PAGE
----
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Staring at the text, I am incredulous and feel sick; a familiar prick of tears in my eyes. It is from my so-called friend, informing me that she’s not coming to the music festival we have been planning for months, which starts in less than 24 hours. She’s ‘too tired’. No phone call. No apology – despite the fact that tickets have been bought and accommodation booked.
It’s not the first time. There’s the occasion she promised to DJ at my party, then dropped out at the last minute when she got a better offer. And I recall when she consoled me postbreakup, then became best mates with my ex. Our friendship is like being on a rollercoaster: sickening at times, but great fun at others.
Good, bad and ugly
Psychologists label inconsistent friends and relatives, who trigger both strong positive and negative emotions in us, ‘ambivalent’. The term describes ‘complicated relationships that boost you and bring you down; when qualities such as warmth and understanding go hand in hand with criticism, jealousy or rejection’, according to Scientific American magazine. And they’re common. Research at the University of Utah estimates that half of our relationships, including with family, are ambivalent.
Typical ambivalent behaviour includes being competitive, taking apparent comfort in your failures and gossiping about you. These people can be unreliable, and bitchy, passive-aggressive and arrogant interactions are their communication hallmarks.
These types of relationships are not only detrimental to our emotional health, but research has found that they have a negative impact on our physical wellbeing, too. One study tracked the blood pressure of 100 men and women in good health, to examine the importance of friendship quality. It found that participants were far more stressed when they spent time with an ambivalent friend, compared to a supportive one, or even someone they didn’t like. The conclusion? ‘Individuals may not be able to fully relax in the presence of ambivalent friends and are therefore more susceptible to stress.’
We are perhaps more relaxed with our adversaries than ambivalent friends because we expect little of those we don’t like, but find the constant swing between disappointment and elation with ambivalent friends depressing.
But what to do?
The accepted advice is to call them ‘toxic’ and ditch them. I’ve done this with ambivalent friends in the past, but I regret a couple of those decisions, wondering if there could have been a happier ending. As Alice Boyes, author of The Healthy Mind Toolkit (Little, Brown, £13.99), says, it’s advisable to find a healthy way to deal with them: ‘They’re more common than people think – and you’re not going to break up with 50 per cent of your friends!’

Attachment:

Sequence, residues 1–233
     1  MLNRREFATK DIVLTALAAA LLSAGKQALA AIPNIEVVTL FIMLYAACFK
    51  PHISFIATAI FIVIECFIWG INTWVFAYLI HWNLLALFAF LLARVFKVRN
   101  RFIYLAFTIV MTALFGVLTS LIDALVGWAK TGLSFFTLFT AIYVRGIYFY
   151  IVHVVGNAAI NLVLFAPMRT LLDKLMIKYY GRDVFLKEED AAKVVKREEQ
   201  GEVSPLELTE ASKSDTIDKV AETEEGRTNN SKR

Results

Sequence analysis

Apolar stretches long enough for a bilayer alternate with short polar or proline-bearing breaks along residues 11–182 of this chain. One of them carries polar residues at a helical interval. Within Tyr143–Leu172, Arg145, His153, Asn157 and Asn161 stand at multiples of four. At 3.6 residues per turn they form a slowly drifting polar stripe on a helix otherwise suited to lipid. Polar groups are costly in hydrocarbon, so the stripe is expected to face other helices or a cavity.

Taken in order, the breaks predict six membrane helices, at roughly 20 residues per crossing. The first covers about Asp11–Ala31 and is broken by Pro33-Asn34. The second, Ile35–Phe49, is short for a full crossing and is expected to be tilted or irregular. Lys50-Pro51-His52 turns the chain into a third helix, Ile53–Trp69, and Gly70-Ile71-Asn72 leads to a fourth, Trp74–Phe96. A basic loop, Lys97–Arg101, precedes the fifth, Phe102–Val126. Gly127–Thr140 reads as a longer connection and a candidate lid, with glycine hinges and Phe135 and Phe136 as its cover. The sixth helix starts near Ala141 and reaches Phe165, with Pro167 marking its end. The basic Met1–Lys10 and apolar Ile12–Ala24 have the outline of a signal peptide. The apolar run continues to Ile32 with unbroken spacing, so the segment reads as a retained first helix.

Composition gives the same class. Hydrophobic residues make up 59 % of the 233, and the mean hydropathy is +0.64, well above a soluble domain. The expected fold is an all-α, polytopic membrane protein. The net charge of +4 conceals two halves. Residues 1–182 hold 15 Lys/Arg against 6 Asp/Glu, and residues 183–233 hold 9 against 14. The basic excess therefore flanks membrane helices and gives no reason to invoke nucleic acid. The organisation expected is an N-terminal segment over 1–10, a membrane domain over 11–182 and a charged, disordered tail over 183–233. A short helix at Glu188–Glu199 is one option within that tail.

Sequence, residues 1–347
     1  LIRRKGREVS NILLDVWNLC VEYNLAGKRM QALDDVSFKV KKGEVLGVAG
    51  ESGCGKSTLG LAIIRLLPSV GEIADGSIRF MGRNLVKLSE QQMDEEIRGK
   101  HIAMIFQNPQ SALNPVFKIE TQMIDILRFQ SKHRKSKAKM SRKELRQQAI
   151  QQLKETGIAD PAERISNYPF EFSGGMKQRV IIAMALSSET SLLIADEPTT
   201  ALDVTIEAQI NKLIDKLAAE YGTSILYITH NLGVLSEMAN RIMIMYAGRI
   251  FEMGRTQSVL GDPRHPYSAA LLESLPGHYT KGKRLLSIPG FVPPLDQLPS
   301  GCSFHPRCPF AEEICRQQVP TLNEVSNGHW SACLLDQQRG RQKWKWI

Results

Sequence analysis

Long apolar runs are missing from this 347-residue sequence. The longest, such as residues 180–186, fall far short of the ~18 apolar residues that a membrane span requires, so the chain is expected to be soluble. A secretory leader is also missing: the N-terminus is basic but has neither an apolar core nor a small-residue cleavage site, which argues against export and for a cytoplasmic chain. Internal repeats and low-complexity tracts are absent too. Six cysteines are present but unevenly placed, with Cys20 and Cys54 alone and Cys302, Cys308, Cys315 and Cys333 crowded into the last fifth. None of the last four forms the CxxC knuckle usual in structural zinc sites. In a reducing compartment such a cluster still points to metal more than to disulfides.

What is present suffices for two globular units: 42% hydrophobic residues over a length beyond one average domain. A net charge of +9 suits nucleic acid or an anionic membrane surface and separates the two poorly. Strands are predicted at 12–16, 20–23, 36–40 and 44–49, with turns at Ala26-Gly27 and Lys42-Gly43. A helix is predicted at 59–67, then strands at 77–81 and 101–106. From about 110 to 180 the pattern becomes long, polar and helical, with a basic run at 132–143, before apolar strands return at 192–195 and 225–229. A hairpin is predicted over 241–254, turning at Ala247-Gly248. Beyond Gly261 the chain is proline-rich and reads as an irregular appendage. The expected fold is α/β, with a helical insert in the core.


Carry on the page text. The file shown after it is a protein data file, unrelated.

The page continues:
It helps to understand why they are the way they are. Coach Michelle Zelli says many ambivalent friends fall into the ‘avoidant’ category, and may feel ‘agitated by emotional intimacy’ with another person.
‘This is almost certainly rooted in their relationship with a parent during their formative years; it’s not about you at all,’ she explains. Zelli recommends that, when your ambivalent friend pulls back, you notice how you feel and use the experience to better understand your own patterns of connection and insecurity. ‘Try to stay mindful throughout; and be kind to yourself as you gently get to know yourself at a deeper level.’
I realise I am upset because my high expectations of my relationship with my ambivalent friend aren’t being met. As I investigate, I find a sense of failure – and even shame – about our imperfect friendship.
Therapist Miriam Kirmayer suggests paying attention to the ‘shoulds’ you hold around friendship: ‘That you should have a bestie; you should drop a bad friend; that a friendship should be perfect to satisfy you. Question your friendship rules and where they come from,’ she advises. As I consider the questions, I realise that I apply a cardboardcutout definition of a friend to my friendships. The ridiculousness of expecting one friend to satisfy many needs dawns on me.